He's still got it! The routine is identical with Louis knocking out his original intro and first break with no problem (tempo is a little slower, more in the "S.O.L. Blues" range than "Gully Low"). Edmond Hall picks up the solo on the "Kiss My You-Know-What" chorus and like Dodds, masterfully turns it into a slow blues. The original was slow but this is SLOW; though the arrangement is the same, the slower tempo adds some extra time to the remake.
Louis sings beautifully, following the original "Gully Low" lyrics--and asides--to a tee, though it's not as wild and wooly as the earlier recording. Louis improved as a singer as he got older but his vocals on the Hot Fives and Hot Sevens were so animated, they could border on vaudevillian at times (not a bad thing), something he got away from by the mid-1930s.
After the vocal, Trummy Young takes a real mellow muted chorus, sounding fabulous (and hey, at least he got a solo unlike poor John Thomas). Then it's Louis's turn. Interestingly, arranger Bob Haggart pulls a switcheroo (musicology terminology) on the 1927 recording. On that one, Louis knocked out his solo and then led the ensemble for one chorus, playing beautifully, but a little more reserved from the mountain he just climbed.
In 1957, Haggart reverses it and has Louis lead the ensemble first and THEN hit the high note chorus. Louis reaches way back to one of his favorite blues choruses, featuring an opening phrase he used on "Gut Bucket Blues" and about a dozen others (Jack Teagarden was fond of that opening as well). Perhaps realizing he already recorded a remake of "Gut Bucket Blues" (the day before), he gets off of it and improvises some real lowdown phrases. I always like to think of teenage Louis playing the blues all night in the honky-tonks of New Orleans. He must have had so many blues choruses minted that he could fall back on them for the rest of his life.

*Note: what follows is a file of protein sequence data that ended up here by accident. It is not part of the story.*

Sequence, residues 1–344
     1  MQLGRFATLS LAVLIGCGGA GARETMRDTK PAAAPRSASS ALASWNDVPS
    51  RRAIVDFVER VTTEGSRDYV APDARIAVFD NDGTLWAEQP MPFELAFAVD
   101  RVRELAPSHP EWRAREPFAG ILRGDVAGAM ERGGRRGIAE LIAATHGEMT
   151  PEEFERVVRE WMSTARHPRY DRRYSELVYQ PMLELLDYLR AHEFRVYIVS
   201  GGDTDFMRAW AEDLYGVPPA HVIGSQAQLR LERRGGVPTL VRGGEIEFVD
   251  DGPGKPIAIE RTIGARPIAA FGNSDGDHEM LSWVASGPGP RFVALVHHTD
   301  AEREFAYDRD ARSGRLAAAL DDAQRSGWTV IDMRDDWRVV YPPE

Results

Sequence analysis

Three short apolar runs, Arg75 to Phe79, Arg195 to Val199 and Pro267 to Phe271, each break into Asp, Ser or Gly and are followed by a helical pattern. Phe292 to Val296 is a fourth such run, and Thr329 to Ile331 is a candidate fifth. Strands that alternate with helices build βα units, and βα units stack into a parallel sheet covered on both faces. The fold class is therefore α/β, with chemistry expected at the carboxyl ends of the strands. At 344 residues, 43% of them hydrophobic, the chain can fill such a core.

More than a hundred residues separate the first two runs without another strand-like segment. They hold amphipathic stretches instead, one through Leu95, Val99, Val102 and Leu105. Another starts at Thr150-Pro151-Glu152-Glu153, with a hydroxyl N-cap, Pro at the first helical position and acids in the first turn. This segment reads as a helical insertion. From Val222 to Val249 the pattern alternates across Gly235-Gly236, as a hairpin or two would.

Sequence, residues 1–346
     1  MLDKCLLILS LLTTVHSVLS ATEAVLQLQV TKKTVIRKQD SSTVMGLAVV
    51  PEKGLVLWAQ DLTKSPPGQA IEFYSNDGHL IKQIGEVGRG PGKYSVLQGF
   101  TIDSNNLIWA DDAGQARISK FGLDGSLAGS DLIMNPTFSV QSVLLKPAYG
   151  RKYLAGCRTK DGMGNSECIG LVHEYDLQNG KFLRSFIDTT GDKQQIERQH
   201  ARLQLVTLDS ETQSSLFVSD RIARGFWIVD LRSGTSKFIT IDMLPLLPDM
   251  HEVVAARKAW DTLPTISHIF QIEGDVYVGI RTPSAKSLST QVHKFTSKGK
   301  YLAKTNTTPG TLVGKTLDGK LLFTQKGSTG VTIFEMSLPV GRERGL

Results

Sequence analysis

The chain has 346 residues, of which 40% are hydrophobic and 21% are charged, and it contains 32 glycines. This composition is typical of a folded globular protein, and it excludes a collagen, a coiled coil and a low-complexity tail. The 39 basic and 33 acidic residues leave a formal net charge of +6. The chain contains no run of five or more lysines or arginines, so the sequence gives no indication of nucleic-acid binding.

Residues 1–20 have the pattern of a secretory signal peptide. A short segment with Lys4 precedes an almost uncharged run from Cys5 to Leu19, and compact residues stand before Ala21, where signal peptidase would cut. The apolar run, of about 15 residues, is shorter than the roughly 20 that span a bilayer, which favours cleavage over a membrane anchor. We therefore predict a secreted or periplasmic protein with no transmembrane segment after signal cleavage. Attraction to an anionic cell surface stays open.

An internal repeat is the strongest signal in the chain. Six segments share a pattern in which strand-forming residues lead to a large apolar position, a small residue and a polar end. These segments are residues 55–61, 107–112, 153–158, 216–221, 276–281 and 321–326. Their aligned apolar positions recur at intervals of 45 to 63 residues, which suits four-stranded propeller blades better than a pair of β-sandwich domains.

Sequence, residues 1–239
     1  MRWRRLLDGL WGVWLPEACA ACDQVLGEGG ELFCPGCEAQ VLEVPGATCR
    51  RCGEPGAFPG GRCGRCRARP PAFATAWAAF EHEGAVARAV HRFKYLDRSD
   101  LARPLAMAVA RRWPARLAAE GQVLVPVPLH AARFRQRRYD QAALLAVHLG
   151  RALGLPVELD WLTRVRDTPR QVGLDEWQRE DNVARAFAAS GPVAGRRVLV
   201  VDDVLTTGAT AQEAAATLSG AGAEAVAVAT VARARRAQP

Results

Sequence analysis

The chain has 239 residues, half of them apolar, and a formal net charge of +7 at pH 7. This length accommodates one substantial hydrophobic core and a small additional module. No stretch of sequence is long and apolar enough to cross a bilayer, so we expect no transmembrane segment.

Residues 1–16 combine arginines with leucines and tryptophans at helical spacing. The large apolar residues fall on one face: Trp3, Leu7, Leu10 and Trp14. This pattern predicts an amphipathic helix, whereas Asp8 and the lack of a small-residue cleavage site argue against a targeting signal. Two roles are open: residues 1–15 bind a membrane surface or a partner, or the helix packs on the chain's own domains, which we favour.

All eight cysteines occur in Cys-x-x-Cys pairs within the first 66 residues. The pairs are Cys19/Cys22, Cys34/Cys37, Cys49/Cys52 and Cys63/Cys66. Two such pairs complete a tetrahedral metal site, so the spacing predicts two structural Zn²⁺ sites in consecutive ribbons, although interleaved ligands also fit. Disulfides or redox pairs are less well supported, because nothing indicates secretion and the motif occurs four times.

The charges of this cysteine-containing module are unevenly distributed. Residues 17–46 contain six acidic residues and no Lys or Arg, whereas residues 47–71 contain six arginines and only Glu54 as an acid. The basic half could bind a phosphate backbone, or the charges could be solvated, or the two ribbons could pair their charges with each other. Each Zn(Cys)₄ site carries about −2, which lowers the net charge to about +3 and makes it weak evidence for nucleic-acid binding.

Anyway, Haggart's reversal proves to be a stroke of genius in my mind. As Louis builds and builds, Trummy and Ed Hall with him all the way, it reaches a more emotional climax by building towards the high note chorus. And how does 56-year-old Louis handle it? Another home run on an album full of them. Those high Bb's are just as dramatic as ever and even more surprisingly, he's still pretty fleet-fingered on the descending runs. As anyone who knows anything faintly about me, I'm Mr. Latter Day Louis Armstrong (name change pending) but though I often faint at the power and swing of his 1950s playing, I'm the first to admit, he had to sacrifice a few miles off the fastball to keep the rest of his style at such a high level. So to hear him making those fast little figures around his horn a this date is a nice touch.
But like the original, Louis eventually settles down, trading in opera and drama for some sadly lamenting blues playing. But it wouldn't be "Gully Low Blues" without the tag and they toss it off without a problem. In fact, at the slower tempo, it comes off as a more melancholy ending whereas in the original, it was almost a humorous novelty of sorts.
And that's it for Louis's history on "S.O.L. Blues" and/or "Gully Low Blues." There's only one more Hot Seven to go and if you thought Louis singing about a toxic relationship was bad on this number, wait til you hear "That's When I'll Come Back to You"!